Infectious keratitis, scarring/haze formation, and the need for corneal transplant after CXL are the most feared complications. A systematic review published in 2016 found only 10 published cases of infectious keratitis between 2000 and 2003.3 One other study reported the incidence of infectious keratitis after CXL is extremely low, quoting a figure of 0.0017% even in nations where microbial keratitis incidence is higher.27 Nevertheless, despite the low incidence, the risk of infectious keratitis remains one of the most commonly cited reasons for the move away from standard CXL (S-CXL) and epithelium off techniques.
Haze and scarring are another commonly cited reasons for the pursuit of protocols other than S-CXL. To a degree, haze is an expected outcome from all forms of CXL and the more pertinent question is whether it is clinically significant. With S-CXL, haze is usually greatest at 1 month and then reduced between month 3 and 12 as measured by corneal densitometry.28 The US multicenter study on S-CXL found that corneal haze or a demarcation line was noted in 57% but only 1% of eyes had persistent haze.29 Raiskup et al reported a much higher incidence of clinically significant haze of 8.6%30 and found a risk factor was more advanced KC with thinner and steeper corneas.
Postoperative pain and healing are also another factor cited to promote nonstandard CXL protocols. The published literature is actually conflicting in this area. One study found that in a comparison of epi-on and epi-off CXL, that both techniques were able to stop progression; however, in contrast to expectations, the pain was felt more in epi-on CXL than epi-off CXL.31 Another study found that both oral ketorolac and oral gabapentin can be used with similar results for pain and symptomatic control after epi-on or epi-off CXL procedures, inferring the pain is similar between the 2 types of CXL.32 One recent article, in a revisit to times past when LASEK (laser assisted sub-epithelial keratectomy) or creation of an epithelial flap for photorefractive keratectomy (PRK) was popular, found that postoperative pain was less if the epithelium was removed as an intact flap and then replaced after CXL.33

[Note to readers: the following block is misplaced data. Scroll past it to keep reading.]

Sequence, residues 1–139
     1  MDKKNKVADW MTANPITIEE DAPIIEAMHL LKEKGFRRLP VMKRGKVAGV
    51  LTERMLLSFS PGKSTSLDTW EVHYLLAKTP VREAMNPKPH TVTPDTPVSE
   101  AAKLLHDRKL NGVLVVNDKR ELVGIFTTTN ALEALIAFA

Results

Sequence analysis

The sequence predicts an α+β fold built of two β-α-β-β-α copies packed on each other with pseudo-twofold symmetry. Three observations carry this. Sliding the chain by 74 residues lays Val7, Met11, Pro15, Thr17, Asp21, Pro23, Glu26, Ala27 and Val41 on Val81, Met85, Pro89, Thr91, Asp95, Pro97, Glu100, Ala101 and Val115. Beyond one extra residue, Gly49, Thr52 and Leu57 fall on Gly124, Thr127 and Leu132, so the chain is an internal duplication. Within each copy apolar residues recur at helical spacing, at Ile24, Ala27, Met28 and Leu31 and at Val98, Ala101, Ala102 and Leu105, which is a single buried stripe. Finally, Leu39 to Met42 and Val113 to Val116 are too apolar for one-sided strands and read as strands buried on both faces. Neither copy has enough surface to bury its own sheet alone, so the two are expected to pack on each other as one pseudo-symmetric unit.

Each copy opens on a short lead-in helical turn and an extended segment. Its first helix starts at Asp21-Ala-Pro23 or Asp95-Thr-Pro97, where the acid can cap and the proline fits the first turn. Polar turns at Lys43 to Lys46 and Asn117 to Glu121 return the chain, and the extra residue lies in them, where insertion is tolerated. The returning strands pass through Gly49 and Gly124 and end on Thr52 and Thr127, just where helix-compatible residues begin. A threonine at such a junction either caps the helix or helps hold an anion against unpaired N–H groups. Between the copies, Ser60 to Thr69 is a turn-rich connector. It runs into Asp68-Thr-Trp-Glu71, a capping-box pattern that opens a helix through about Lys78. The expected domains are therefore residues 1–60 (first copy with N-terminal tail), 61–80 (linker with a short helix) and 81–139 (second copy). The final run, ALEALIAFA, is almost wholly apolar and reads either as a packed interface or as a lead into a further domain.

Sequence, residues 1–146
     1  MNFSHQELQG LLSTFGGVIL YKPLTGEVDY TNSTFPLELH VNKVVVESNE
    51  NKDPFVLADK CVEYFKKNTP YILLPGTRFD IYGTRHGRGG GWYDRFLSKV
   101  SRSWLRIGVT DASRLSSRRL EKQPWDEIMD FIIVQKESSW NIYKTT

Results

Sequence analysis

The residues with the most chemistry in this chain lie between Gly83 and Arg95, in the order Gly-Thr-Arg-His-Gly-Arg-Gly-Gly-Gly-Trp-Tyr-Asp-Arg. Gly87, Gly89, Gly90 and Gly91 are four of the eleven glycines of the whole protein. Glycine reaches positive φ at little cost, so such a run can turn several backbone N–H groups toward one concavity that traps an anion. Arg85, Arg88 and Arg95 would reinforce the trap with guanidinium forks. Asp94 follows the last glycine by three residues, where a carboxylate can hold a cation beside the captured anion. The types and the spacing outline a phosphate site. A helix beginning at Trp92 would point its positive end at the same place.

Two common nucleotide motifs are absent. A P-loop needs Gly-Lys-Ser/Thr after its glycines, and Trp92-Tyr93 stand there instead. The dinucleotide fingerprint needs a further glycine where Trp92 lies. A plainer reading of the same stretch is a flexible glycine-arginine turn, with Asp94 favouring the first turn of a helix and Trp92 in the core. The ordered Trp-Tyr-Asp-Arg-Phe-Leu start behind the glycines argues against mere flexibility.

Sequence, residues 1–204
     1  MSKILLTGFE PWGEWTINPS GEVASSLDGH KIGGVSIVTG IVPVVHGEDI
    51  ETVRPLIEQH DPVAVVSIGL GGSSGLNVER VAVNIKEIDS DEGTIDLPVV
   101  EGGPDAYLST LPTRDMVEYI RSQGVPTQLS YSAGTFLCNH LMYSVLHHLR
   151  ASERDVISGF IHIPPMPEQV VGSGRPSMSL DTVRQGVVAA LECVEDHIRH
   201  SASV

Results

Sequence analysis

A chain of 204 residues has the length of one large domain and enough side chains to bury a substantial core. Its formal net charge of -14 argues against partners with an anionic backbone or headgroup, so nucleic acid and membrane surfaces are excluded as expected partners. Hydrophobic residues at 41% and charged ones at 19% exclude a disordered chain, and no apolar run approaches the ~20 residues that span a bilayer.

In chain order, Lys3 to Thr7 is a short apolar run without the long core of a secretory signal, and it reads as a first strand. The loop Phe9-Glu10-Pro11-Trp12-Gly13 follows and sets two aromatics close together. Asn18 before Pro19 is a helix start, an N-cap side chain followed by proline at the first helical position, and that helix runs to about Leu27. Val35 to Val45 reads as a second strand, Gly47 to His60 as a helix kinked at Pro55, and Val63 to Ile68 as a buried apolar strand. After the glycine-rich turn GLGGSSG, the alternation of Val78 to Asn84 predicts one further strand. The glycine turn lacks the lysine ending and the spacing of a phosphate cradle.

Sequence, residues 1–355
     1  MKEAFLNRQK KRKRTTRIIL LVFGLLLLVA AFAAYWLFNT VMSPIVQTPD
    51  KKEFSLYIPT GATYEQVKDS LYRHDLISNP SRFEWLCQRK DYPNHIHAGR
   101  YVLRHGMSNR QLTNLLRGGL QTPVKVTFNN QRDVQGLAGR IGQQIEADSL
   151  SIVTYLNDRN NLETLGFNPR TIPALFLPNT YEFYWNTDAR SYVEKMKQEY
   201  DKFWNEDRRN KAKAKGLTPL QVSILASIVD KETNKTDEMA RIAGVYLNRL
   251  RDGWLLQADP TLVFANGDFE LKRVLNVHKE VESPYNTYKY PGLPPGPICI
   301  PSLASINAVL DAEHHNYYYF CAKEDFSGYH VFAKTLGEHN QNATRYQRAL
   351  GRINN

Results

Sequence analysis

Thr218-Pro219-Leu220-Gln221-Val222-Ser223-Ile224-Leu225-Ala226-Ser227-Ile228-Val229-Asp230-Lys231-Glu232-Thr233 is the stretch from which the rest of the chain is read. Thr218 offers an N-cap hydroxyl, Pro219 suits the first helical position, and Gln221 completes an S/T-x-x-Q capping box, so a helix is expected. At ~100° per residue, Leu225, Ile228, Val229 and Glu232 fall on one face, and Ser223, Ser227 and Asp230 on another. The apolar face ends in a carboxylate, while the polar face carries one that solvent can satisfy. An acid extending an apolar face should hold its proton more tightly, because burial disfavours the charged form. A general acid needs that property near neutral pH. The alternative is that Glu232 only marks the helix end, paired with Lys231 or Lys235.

Other ways to improve post-CXL comfort are choice of bandage contact lens and postoperative drop regimes. Bandage contact lens fit and therefore comfort can be a tricky issue for keratoconic eyes given limited available base curves and options for an irregular and steep cornea. Other alternatives are being evaluated including purified bovine collagen (Oasis Collagen Soft Shield) which provides a temporary protective barrier and is re-absorbed after 72 hours. This gives the added advantage of no removal being required which would be especially useful in paediatric patients.34 The use of serum autologous tears to aid epithelial healing and comfort as well has also been reported. Sixty patients undergoing accelerated CXL were randomized to either the use of autologous serum tear drops or artificial tears. The group that received serum autologous tears had significantly faster epithelial healing times and reduced pain scores. However, logistic access to serum tears may present one hurdle for such a postoperative protocol.35
CXL PROTOCOLS: TOO MANY CHOICES?
The original often called standard or Dresden protocol CXL (S-CXL) has been robustly studied in both in lab and in large clinical studies in both the adult and paediatric studies. The parameters are well established.5,25,36–39 However, concerns over complications, length of treatment, and potential over treatment have led to the emergence and wide spread use of newer CXL protocols including various versions of accelerated CXL, (A-CXL) and of transepithelial (T-CXL) one of which is iontophoresis CXL (I-ON CXL).